place in full citizenship but the returns In many quarters we have allowed

are large, permanent and certain.-Inour public funds to become of such

dianapolis Times.

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EDUCATORS' LOW PAY. $700 to $1,600, while at Purdue uniFigures from Harvard University $1,000 to $1,500.

versity the instructors were paid from

The assistant inshow that many assistant instructors

structor at Indiana drew from $100 to and some instructors are paid less than

$500 a year, Purdue paying $500 to street car conductors and motormen, $900 for 'similar class of work. Rates says an exchange. Consequently a

may have been increased since the govcampaign is being planned to increase

ernment bulletin was issued, but they the university's endowment, so an ad

still remain ridiculously low. Invance of 25 per cent in pay can be

structors and assistant instructors at made. Harvard presents no isolated

Harvard and elsewhere find that alexample of low pay to the teaching though hey may have degrees and profession. Resignations from college faculties, including that of Indiana uni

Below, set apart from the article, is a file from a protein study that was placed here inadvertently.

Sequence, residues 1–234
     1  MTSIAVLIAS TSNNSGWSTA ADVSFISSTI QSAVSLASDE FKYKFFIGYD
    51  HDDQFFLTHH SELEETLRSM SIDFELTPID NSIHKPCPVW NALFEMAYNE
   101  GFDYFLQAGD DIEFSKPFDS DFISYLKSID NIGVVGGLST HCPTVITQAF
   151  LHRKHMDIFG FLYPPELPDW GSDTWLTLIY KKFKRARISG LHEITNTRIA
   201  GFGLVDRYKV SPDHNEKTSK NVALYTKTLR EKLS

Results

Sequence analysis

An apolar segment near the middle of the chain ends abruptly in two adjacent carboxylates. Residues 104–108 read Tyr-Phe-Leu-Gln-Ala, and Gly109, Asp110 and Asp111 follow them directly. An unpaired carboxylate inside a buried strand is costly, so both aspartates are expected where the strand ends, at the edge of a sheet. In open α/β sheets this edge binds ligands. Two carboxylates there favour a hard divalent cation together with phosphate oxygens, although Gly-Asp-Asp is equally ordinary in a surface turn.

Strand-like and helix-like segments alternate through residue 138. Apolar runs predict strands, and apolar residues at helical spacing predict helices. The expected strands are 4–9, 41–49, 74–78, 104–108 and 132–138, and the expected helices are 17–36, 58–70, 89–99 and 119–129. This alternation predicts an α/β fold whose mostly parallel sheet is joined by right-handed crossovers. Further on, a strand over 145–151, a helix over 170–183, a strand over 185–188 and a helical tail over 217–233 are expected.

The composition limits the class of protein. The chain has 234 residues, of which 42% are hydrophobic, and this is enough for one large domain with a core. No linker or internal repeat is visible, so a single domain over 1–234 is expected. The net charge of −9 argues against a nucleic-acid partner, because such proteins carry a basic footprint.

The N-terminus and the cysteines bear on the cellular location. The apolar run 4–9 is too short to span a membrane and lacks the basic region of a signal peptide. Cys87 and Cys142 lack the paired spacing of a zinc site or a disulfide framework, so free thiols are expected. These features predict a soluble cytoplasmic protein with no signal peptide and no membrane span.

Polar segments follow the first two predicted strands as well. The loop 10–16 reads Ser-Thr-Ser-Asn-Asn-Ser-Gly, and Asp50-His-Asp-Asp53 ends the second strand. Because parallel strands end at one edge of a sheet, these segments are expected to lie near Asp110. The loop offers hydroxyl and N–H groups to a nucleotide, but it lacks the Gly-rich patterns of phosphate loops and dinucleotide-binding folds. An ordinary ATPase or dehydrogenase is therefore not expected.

great Imarning they receive wages that

a farm laborer would scorn. Unless versity, are attributed to the small salaries received. About a year ago the

some way is devised to increase the

salaries of faithful and conscientious federal government issued a bulletin

teachers throughout the country the showing the maximum and minimum teaching corps of the colleges and unipay of presidents, deans, professors, in

versities will be sadly depleted. Those structors and assistant instructors in

ranked lower than assistant professors American schools. The bulletin

can not live on what they are getting showed that the pay of an instructor now, yet they are an essential part of at Indiana University ranges from the college forces.

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One of the most artistic high school annuals that have come to our office in some months is “The Patriot,” issued by the Shields High School, Seymour. Supt. T. A. Mott and Principal Kate Andrews are special editorial contributors to the splendid volume.

Supt. A. H. Dixon, University Place, Nebr., has written six courses of lectures for Underwood & Underwood, N. Y., visualizing the evolution of freedom in American history.

E. L. Fisher, formerly superintendent at Freelandville, will have charge of the schools at Corydon this coming term.

The Indianapolis schools have this year a large increase in enrollment.

J. K. McCarter will have charge of the schools at Worthington again this year.

Supt. N. J. Lashar, Gas City, has issued his annual report in printed form.